Professor Quarraisha Abdool Karim awarded the Order of Mapungubwe
Professor Quarraisha Abdool Karim, Associate Scientific Director of CAPRISA (Centre for the AIDS Programme of Research in South Africa) is being bestowed with the Order of Mapungubwe: Bronze by the South African State President on Freedom Day (27 April 2013) in recognition of her “outstanding work in the field of HIV/AIDS and tuberculosis research and health policy development.” The Order of Mapungubwe is South Africa’s highest honour.
According to the Chancellor of Orders’ citation, Professor Abdool Karim “is pushing the boundaries of scientific excellence in her quest to curb the scourge of HIV/Aids, particularly in young women in Africa. She has been devoted to stemming the global AIDS epidemic for more than two decades; culminating in her recent scientific discovery that Tenofovir gel prevents HIV infection and genital herpes in women… the world’s first HIV protection technology for women”.
Professor Abdool Karim, Associate Professor of Epidemiology at Columbia University in New York and Adjunct Professor of Public Health at the Nelson R Mandela School of Medicine of the University of KwaZulu-Natal, commented “I am honoured and humbled to receive this recognition. It has been a singular privilege to work with such dedicated community members and such a fine team of scientists, colleagues and partners in South Africa. Much more remains to be done, as the AIDS epidemic continues to spread in South Africa, particularly among vulnerable young women.”
Minister of Science and Technology, Derek Hanekom commented that “While her influence on South African science and her impact on the country’s AIDS response have been profound, it is her passion and deep commitment to human rights, equity and access to health care that have been the true mark of her character.” He said that Professor Abdool Karim “ranks among the world’s top AIDS researchers, for which she also recently received the ‘DST Women in Science’ Award,” and paid tribute to her as “a remarkable and exemplary role model for future generations of South African scientists.”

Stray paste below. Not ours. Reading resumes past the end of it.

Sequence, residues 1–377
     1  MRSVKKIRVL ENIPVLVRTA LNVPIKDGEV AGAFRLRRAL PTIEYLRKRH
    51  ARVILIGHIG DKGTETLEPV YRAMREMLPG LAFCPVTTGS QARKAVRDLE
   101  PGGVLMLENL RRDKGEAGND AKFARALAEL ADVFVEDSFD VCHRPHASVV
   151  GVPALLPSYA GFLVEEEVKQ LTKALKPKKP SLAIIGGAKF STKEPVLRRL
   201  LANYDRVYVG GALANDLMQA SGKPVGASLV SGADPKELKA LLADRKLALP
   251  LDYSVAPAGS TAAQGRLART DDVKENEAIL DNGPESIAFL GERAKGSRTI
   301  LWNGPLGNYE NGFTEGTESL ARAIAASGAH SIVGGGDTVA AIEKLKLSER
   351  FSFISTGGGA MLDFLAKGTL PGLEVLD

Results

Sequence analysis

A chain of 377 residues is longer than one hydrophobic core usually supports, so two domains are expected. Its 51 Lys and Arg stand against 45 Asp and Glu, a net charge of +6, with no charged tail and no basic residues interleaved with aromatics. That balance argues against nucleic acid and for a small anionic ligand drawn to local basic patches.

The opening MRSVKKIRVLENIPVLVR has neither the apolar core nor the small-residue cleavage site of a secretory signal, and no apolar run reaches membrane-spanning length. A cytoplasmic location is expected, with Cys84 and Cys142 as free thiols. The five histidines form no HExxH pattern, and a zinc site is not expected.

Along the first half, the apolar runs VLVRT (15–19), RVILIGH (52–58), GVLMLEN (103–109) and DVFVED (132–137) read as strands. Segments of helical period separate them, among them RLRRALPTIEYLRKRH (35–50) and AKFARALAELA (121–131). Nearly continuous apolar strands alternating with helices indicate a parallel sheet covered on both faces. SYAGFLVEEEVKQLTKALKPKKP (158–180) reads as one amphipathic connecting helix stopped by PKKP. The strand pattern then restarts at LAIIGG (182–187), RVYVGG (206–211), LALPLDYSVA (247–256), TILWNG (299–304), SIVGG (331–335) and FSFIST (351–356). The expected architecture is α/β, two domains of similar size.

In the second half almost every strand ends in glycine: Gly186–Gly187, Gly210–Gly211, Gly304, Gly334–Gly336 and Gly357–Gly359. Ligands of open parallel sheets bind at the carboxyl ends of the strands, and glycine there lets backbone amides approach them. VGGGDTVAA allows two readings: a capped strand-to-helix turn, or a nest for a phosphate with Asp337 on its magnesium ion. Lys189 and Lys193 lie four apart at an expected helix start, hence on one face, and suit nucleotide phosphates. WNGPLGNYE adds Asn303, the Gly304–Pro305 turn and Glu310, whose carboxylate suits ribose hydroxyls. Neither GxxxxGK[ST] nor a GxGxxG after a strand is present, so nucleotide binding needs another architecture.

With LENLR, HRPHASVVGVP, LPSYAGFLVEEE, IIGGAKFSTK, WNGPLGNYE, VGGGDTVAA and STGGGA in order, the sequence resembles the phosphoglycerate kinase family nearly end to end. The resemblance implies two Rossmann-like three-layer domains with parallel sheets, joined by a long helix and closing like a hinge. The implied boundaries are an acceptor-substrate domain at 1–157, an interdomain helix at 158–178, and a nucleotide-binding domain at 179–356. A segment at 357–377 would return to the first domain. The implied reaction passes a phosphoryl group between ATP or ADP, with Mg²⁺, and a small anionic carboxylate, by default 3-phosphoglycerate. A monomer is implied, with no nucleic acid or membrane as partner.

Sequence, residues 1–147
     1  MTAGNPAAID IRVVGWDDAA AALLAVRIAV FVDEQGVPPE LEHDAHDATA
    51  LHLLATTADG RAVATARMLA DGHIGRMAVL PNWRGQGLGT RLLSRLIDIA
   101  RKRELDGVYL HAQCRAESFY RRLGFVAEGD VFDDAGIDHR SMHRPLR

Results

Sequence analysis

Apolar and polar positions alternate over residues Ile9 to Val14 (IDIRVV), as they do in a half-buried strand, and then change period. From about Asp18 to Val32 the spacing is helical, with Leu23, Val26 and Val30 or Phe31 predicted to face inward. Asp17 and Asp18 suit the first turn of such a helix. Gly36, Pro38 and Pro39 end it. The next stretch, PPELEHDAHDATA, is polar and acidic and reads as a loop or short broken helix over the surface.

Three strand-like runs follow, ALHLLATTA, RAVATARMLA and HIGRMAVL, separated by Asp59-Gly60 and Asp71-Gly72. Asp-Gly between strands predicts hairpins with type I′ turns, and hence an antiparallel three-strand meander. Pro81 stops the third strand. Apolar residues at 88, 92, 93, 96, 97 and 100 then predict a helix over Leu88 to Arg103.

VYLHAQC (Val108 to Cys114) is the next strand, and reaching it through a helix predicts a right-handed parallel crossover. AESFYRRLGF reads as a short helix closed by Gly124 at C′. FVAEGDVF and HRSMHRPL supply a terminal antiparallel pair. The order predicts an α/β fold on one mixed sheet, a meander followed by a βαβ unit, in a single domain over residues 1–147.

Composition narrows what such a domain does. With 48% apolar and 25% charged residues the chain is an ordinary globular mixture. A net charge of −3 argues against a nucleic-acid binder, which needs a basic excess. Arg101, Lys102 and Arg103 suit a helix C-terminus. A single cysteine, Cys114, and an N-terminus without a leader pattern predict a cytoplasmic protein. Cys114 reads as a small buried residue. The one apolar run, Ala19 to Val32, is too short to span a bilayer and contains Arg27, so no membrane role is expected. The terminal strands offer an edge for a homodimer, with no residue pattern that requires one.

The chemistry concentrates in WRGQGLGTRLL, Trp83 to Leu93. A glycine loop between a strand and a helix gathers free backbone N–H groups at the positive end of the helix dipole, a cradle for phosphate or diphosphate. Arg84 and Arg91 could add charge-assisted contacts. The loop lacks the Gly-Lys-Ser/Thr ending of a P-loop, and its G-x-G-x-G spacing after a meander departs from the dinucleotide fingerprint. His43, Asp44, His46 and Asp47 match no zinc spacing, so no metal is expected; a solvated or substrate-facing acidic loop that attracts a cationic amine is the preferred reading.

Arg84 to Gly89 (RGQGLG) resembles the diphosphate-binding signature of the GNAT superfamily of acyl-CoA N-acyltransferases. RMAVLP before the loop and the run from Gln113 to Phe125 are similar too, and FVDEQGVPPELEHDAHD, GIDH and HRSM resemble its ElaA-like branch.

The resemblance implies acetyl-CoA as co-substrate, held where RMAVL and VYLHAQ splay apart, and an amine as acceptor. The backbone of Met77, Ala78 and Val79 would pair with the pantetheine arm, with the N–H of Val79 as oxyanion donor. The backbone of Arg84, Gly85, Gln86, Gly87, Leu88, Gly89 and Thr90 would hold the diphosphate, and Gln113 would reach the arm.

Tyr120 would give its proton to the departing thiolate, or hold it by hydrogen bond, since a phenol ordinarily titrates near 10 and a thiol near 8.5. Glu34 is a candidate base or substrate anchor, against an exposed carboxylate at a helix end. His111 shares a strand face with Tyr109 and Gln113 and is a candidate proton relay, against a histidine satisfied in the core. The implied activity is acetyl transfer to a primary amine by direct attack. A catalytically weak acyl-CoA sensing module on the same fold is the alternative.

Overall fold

Minister of Health Aaron Motsoaledi congratulated Professor Abdool Karim, emphasizing that “Her contributions to fighting the AIDS epidemic in South Africa have been immense. This award is an inspiring tribute to her outstanding achievements in AIDS research, policy and advocacy in South Africa and globally.”
Section27, highlighted her research that has “contributed immeasurably to our understanding of HIV, AIDS and TB and has saved and improved the lives of many thousands. Prof Abdool Karim has served on the Board of Directors of SECTION27 and previously the AIDS Law Project since 2006, and has been a constant source of guidance and expertise throughout our work to realise the right of access to health care services in South Africa.”
Professor Abdool Karim is an infectious diseases epidemiologist who undertook some of the first community based studies of HIV infection in Africa. She has spent more than twenty years unraveling the reasons for the high incidence of HIV in young women and developing new approaches and technologies to empower women to protect themselves against HIV. Her research on tuberculosis and HIV infection has had a direct impact on the way this co-infection is treated internationally. She has served as an advisor to WHO, UNAIDS, UNDP, UNICEF, and numerous other international organisations on AIDS policy matters. She served as the first National Director of the South African National AIDS Programme established by the Mandela government in 1994.
She has received several major local and international awards, including the 2011 “President's Award for Outstanding Achievement in World Health” from the international Drug Information Association (DIA), the 2012 “TWAS Prize in Medical Sciences” from The Academy of Sciences for the Developing World (TWAS) and the “Olusegun Obasanjo Prize for Scientific Discovery and Technological Innovation” from the African Academy of Sciences.
About the Order of Mapungubwe: This Order is awarded to South African citizens for excellence and exceptional achievements that have impacted internationally and have served South Africa’s interests. It is named after Mapungubwe, an ancient African nation which existed a thousand years ago in what is now the northern part of South Africa. Since it was instituted in 2002 until this year, there have been 29 recipients. The first recipient was President Nelson R. Mandela who was bestowed the Order of Mapungubwe: Platinum.